I don’t think that I could improve upon that statement at all, but I will simply add that a spirit of worldliness seems to underwrite the whole notion of tradition being a separate track alongside of Scripture. Here lies perhaps another difference between Roman Catholic and Protestant views of tradition: the latter serves to keep worldliness at bay whereas the former facilitates it. The Reformed tradition’s regulative principle of worship is probably the best example of this. Doing what God demands in worship and keeping it within biblical limits is definitely a tradition which flows out of Scripture rather than running against it.
Today’s Evangelical churches are in such a theological chaos precisely because they have abandoned the confessional traditions inherent within the early church as well as historic Protestantism. It’s not enough to simply say, “We believe the Bible.” What does that mean, exactly? Mormons, Roman Catholics, Jehovah’s Witnesses, and a host of other heretical groups will say that as well. A bare bones “statement of faith” on a church website just doesn’t suffice. What we believe regarding the nature of Scripture itself, attributes of God, justification, ecclesiology, worship, and other doctrines must be defined with clarity.
The creeds of the early church were a product of such a necessity to carefully define essential doctrines in order to combat heresy and false teaching. Indeed, the confessions produced by the Reformation served the same purpose. There’s an organic continuity between these early creeds and the latter confessions, both having Scripture as their foundation. To be sure, no tradition is infallible. All traditions must be tested in the light of Scripture. We must use the lenses of Scripture to discern, for example, which of Augustine’s teachings are consistent with biblical truth. B.B. Warfield understood this when he said that the Reformation was the triumph of Augustine’s soteriology over his ecclesiology.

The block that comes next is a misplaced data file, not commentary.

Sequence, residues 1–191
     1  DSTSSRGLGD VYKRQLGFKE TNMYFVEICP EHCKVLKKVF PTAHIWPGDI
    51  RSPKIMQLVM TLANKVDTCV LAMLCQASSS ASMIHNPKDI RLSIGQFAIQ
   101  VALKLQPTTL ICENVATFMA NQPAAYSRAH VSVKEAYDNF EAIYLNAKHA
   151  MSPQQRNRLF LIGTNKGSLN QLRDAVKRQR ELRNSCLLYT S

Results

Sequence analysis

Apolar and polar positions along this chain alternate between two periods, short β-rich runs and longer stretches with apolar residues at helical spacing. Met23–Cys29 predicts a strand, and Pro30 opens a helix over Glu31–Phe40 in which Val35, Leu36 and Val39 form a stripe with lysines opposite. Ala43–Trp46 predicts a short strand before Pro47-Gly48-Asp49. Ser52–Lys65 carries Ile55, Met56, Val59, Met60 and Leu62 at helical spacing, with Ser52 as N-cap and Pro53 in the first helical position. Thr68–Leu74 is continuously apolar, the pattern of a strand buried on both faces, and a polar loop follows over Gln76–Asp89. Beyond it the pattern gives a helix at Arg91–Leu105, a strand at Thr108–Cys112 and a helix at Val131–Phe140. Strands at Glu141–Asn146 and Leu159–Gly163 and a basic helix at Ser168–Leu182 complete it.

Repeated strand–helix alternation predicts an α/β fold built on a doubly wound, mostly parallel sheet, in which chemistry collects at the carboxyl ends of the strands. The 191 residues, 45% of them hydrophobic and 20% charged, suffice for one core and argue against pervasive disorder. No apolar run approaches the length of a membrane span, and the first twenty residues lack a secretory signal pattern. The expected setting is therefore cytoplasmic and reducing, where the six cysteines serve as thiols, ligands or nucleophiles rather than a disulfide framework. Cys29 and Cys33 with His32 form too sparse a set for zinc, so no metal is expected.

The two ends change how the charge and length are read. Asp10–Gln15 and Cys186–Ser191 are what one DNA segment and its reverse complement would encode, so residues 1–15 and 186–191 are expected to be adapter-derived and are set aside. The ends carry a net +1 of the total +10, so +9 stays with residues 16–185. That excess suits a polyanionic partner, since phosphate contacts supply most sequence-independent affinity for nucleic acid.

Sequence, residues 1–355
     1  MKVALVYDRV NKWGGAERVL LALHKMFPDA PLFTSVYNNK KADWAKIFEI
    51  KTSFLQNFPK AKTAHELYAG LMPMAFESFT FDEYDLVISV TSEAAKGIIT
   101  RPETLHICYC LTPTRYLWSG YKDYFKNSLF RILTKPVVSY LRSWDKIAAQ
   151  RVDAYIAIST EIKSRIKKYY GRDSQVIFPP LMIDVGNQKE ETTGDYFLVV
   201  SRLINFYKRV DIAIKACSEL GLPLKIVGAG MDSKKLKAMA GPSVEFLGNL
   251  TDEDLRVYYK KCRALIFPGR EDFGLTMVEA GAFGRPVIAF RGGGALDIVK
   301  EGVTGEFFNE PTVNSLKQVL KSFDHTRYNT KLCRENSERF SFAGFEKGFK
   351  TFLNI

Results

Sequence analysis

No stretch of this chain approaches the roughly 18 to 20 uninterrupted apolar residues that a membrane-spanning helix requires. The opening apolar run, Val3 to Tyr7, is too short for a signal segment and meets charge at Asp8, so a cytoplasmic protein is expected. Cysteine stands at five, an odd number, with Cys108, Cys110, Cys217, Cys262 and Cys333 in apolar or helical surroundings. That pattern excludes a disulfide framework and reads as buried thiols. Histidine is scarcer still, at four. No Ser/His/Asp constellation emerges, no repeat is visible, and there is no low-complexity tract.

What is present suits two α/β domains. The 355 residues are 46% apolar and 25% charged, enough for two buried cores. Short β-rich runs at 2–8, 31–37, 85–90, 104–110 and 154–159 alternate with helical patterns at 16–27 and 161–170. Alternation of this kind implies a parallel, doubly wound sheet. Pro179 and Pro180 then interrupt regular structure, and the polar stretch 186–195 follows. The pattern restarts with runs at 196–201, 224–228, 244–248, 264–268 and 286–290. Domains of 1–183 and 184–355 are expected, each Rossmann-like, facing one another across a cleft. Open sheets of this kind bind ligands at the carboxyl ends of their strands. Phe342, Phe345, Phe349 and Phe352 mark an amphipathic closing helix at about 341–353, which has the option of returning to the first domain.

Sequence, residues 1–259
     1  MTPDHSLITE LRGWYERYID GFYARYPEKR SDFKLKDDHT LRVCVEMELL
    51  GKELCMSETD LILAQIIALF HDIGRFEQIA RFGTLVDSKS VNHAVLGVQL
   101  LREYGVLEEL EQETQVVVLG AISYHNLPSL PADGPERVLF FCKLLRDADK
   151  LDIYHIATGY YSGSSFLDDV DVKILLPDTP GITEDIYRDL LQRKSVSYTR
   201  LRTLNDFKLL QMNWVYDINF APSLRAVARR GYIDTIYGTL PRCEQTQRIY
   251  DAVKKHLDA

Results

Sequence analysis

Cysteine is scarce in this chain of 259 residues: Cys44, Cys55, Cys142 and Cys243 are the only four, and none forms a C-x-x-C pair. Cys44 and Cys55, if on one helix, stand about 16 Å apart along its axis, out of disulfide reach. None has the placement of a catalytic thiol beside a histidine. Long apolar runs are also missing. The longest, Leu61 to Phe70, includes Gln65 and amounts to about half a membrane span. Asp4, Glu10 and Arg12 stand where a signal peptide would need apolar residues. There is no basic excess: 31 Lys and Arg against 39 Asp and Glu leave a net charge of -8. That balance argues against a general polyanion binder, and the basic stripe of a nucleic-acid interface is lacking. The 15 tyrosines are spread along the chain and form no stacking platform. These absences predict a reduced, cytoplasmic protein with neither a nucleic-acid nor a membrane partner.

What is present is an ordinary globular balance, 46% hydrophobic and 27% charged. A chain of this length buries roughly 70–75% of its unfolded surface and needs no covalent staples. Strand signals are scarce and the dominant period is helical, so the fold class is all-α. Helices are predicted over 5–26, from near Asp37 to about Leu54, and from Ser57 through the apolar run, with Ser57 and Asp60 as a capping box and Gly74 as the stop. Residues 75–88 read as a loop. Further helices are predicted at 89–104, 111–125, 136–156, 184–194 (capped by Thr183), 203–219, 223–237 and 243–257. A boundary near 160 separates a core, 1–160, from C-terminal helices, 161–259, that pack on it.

Borrowing an old expression, we can eat the meat and spit out the bones. That’s what we are called to do with respect to traditions. While Scripture and tradition are not on the same level, neither are they necessarily at war with each other. So long as a particular tradition flows out of Scripture, there will be no conflict. Those traditions which have no foundation in Scripture must be thrown out. Evangelicals are guilty of holding onto traditions which are the products of “seeker-sensitive” appeal and “church growth” marketing rather than the Word of God. Once again, worldliness has invaded the church.
A good tradition points us toward the truth of Scripture and remains in submission to it. The challenge for Protestants today is to engage this discussion of tradition rather than run from it. We must understand that tradition itself is not the enemy, but rather intrusions from the world. Just as Scripture is seen by the world as something strange and peculiar, those attributes ought to characterize our traditions as well, especially our worship. In the spirit of semper reformanda, may our traditions mirror what we find in God’s word.